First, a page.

Wheathampstead Heritage: Virtual Museum Exhibit
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Captain George Upton Robins (1878-1915)
Third Battalion East Yorkshire Regiment (attached to the Duke of Wellington's Regiment),
author of Lays of the Hertfordshire Hunt. Educated at Haileybury, then Magdalen Oxford.
George Upton Robins was in China when the First World War broke out. He hurried back to England and re-joined his old regiment at Hull. Gazetted Captain in 3rd Battalion in February 1915. Ordered to the front April 22nd. On arrival in France he received orders to join 2nd Battalion which had lost heavily on Hill 60 on April 18th.
Hill 60 was of vital importance as an observation and artillery post on the Messines Ridge. Whoever controlled it had a perfect view of what was going on in Ypres. Nicknamed “Hell with the lid off”, it got its name by being 60 metres above sea level. It was not a natural feature but simply a large heap of soil and rubble from the nearby railway cutting on the hill between Ypres and Comines, an important rail junction. The Germans had captured it in December 1914, but the British needed to retake it. They drove three galleries (one 1,380 feet long) into the hillside and exploded six mines on the evening of 17 April, the middle of the hill was blasted upwards and equipment and bodies were flung in all directions. Heavy bombardment followed and finally the 13th Infantry Brigade forward, occupied the summit and dug in. For 48 hours, the Germans poured a torrent of shells on the British soldiers trying to dig in, then sent in their infantry by which time about 5,000 bodies were lying on the hill. On May 5th he was in command of his company on Hill 60 when the fatal gas attack took place. The entire company were wiped out; only he and his orderly managed to crawl down the hill at the end of the attack to make a report. The Hill fell to the Germans again and stayed in their hands for the next 2 years.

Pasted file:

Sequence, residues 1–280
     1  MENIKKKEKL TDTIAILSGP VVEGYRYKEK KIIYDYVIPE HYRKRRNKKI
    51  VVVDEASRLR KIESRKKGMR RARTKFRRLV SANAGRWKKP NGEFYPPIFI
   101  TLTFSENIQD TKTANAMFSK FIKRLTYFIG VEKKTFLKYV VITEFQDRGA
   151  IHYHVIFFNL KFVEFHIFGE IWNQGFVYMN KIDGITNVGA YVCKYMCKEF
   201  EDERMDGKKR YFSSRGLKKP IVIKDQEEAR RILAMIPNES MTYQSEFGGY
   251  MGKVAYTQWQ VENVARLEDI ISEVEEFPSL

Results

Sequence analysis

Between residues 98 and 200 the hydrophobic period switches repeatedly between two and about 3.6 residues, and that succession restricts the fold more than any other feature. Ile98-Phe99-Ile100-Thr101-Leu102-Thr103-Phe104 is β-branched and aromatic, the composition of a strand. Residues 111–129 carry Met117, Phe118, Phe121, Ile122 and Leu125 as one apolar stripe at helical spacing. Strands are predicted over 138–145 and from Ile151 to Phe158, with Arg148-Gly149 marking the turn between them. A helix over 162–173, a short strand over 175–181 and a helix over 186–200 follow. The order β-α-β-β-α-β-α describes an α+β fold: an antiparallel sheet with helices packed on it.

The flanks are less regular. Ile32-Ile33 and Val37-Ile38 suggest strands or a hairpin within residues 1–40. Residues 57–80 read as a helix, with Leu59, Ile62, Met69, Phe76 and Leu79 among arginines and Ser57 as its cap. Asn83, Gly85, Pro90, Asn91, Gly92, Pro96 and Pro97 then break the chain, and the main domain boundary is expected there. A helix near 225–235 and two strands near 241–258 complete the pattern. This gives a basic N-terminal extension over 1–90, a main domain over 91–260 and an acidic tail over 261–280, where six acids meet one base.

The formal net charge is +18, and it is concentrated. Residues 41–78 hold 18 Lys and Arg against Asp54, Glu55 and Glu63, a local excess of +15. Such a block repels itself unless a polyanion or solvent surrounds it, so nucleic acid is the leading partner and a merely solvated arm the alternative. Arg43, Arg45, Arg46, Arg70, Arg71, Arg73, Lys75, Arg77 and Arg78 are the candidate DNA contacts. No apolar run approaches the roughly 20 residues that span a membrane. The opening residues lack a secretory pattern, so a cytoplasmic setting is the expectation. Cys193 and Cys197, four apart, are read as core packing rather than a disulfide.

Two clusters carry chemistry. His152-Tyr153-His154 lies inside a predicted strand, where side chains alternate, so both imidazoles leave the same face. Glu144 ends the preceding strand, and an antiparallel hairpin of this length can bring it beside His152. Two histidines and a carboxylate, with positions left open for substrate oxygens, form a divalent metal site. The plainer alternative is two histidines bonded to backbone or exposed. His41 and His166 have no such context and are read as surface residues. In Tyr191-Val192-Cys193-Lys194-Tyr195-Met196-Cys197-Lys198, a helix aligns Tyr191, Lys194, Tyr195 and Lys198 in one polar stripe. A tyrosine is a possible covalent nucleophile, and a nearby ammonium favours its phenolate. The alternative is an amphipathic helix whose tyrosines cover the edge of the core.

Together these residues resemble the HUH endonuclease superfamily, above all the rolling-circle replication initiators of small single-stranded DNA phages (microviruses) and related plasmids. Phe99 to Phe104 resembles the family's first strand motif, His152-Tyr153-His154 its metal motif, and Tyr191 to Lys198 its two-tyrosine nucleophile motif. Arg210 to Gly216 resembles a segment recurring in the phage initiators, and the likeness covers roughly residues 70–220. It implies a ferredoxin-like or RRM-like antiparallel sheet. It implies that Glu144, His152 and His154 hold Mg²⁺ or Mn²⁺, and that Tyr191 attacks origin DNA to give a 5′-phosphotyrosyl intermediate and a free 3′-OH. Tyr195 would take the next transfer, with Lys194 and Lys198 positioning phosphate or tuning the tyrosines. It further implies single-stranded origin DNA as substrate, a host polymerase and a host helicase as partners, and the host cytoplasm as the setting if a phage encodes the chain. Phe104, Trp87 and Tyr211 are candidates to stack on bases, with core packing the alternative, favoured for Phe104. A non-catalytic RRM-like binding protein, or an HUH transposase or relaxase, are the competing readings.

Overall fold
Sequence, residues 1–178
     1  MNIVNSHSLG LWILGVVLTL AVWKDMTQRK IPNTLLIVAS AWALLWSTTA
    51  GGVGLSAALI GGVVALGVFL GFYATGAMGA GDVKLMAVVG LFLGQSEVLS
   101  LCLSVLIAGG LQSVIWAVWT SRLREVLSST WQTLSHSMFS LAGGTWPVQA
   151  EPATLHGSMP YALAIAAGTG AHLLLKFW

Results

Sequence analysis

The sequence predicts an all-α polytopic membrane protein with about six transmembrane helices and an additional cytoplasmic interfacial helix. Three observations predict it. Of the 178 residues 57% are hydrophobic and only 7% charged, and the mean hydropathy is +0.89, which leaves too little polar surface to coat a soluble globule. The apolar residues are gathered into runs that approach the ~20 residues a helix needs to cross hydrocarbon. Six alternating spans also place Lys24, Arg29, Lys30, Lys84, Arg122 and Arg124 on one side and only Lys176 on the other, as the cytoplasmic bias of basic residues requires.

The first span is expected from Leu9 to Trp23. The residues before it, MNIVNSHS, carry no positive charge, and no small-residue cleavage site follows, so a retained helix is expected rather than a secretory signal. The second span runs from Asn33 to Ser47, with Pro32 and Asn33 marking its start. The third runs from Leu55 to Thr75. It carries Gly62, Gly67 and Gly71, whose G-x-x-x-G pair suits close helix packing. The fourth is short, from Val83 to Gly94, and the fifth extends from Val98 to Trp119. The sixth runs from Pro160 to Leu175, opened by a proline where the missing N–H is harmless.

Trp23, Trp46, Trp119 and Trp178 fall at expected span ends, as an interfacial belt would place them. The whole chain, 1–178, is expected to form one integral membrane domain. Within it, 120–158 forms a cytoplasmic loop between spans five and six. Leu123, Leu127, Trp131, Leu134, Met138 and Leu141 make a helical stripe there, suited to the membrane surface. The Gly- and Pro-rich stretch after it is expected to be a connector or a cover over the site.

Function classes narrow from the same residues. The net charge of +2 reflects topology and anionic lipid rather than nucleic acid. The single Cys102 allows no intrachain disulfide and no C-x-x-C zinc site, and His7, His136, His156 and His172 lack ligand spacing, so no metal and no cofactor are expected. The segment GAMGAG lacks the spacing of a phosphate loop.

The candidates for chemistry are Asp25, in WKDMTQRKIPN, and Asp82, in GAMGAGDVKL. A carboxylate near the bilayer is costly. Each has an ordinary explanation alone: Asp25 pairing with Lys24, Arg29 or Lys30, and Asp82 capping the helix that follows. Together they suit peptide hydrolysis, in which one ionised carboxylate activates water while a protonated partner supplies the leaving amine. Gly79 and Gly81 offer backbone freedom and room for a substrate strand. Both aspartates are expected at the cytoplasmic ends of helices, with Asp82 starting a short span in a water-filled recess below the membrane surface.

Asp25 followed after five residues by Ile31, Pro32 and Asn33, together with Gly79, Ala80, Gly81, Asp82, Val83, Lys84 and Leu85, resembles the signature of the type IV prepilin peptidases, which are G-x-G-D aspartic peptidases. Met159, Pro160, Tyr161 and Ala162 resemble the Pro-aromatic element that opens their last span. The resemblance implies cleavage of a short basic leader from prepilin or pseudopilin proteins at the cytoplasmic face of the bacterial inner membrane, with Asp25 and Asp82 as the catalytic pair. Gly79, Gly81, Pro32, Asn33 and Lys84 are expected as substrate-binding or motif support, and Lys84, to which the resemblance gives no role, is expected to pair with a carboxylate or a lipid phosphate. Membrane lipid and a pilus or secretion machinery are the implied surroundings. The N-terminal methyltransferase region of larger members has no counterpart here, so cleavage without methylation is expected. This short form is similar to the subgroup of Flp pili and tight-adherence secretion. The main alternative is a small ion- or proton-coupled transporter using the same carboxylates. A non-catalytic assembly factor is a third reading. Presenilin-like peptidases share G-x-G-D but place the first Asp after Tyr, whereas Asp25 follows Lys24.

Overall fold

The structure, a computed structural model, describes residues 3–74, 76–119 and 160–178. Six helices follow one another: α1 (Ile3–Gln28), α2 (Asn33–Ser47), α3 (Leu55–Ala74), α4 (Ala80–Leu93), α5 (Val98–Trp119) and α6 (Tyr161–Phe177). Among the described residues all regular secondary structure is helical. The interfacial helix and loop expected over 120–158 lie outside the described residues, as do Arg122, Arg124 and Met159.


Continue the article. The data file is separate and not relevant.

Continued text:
Captain Robins' last words, spoken slowly and in a gasping voice to the officer commanding the regiment were: "They have gassed the 'Duke's'. I believe I was the last man to leave the hill. The men up there are all dead. They were splendid. I thought I ought to come and report." He died in the field ambulance the same night, never having regained consciousness. His sister was told that had he not gone back to check on his men he might have survived, as he had been gassed then, but not so badly. Mrs Claire Hoskyns Abrahall published his poems as a memorial to her brother.
George Upton Robins is buried in He is buried in the Railway Dugouts Burial Ground, (Transport Farm), Ieper, West-Vlaanderen, Belgium. The George Upton Robins buried in St Helen's Churchyard is his father.
Lord Cavan in his Preface to 'The Lays of the Hertfordshire Hunt' says:" He was the last to leave Hill 60. Only those members of the Hunt who have served and suffered in this war will perhaps fully understand what that short sentence means. To me it means absolute self-sacrifice, splendid courage, and an undying example. And history will not forget those who fought that great fight on May 5th, 1915."
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Date Created: 23/02/2013 16:07:30, by: David Date last edited: 23/02/2013 17:13:12, by: David